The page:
But nowhere is that specified in the article.

Instead, the severity of the boy’s situation and treatment and the likely costs of such treatment will likely exceed the cap on per incident issues. Ignoring the fact that Samaritan negotiates with healthcare providers for reduced charges because they will be paid via cash rather than having to jump through insurance hoops hoping for reimbursement. And despite the specific fact – mentioned but lost in the shuffle in the article – that Samaritan has a program specifically to help in such extreme situations. The boy’s family hasn’t been cheated or misled or anything, and there’s no certainty yet the bills will exceed the incident cap, or that Samaritan won’t cover up to the cap, and that there may not be additional funds to help them.

But just the possibility that there could be a problem is enough to justify the attack article. Despite the fact the father defends Samaritan in terms of previous issues they’ve submitted for coverage. Still not good enough.

So, after reading these various articles, I come back to to what my high school economics teacher, Mr. Conway, taught me. Caveat emptor. Know what you’re doing to the best of your ability. But also recognize you can’t know everything, and nothing is guaranteed. The authors of these various articles all give the common impression that health insurance coverage is guaranteed, yet I’m sure we all know someone who was told their coverage wouldn’t be as extensive as they were led to believe, or who were denied coverage for a particular issue.

The New York Times article mocks the company’s exhortation for members to trust in God. But that’s just what it’s members do. Not simply a claim of Christian faith is required for membership but also reasonably verifiable evidence of regular church attendance. Members do trust God, and that’s part of the point of Samaritan Ministries – is faith not simply as a pleasant sounding mantra but something that guides the decisions we make and the money we spend and how we spend it.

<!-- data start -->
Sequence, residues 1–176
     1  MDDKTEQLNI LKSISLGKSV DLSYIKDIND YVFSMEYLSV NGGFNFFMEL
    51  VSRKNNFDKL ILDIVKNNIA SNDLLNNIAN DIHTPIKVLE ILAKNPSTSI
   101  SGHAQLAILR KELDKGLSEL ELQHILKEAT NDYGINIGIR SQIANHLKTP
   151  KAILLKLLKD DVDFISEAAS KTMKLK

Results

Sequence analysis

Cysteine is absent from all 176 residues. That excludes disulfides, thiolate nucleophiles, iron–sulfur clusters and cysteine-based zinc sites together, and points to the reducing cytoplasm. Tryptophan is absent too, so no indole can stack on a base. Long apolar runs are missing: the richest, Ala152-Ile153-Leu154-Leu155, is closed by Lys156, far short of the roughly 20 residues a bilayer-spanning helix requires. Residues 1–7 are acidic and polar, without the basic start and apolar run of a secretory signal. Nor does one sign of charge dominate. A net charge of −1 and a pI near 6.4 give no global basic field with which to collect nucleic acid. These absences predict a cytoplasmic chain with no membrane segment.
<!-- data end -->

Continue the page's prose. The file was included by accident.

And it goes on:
I pray these authors never run up against the unpleasant truth that health insurance is not a guarantee of financial safety and security. And I pray they might reconsider whether deliberately opting for programs that don’t cover everything is the same thing as receiving “substandard” care, and whether the potential for misunderstanding is the same as duplicity.

Political Suggestion

July 27, 2020

Perhaps like you, my town is starting to be dotted with notices of businesses closing. Doors shutting for good after being forced to shut down as part of the grand social sacrifice to stop the spread of the coronavirus. I’ve heard little mention through official channels of remorse for these closures, the preliminary wave of what I expect will be a much larger wave continuing on into the years ahead of us. I’ll assume our leaders presume loan monies are adequate to sustain businesses shuttered for months on end.

The signs and notices around town tell a different story.

Of course most of our elected officials don’t have businesses to run. Their salaries as well as their premiere health benefits are guaranteed through tax dollars. They can literally weather the pandemic indefinitely, determining who closes and who opens without any serious personal risk themselves. I’m sure they know people who are affected. At least I hope they do. I hope somebody close to them has lost their business or their health insurance. Not out of vindictiveness but so our leaders have an accurate measure of the economic and psychological pain being caused through prolonged closures.

For an illness that is far less lethal than we originally feared.

In some ways I imagine it is like royalty in centuries past. While the masses of people beneath them might be struggling through catastrophe, the wealth of the aristocracy could effectively insulate them from those effects, or allow them to relocate for a period of time. Responsiveness suffers when there is sufficient buffer between the reality of the electorate and the reality of those elected.

So a suggestion.

For as long as some businesses must remain closed or at much reduced capacity, those elected leaders responsible for mandating the closures should endure a commensurate level of economic suffering as well. As long as there are businesses not allowed to reopen, all officials from the Governor down to the local elected leaders should not draw any salary. They should be entitled to unemployment benefits like everyone else, for which they must file like everyone else. They should have the same health insurance coverages – or lack thereof – of anyone else on unemployment. This situation should continue until mandatory closures are lifted and businesses can reopen.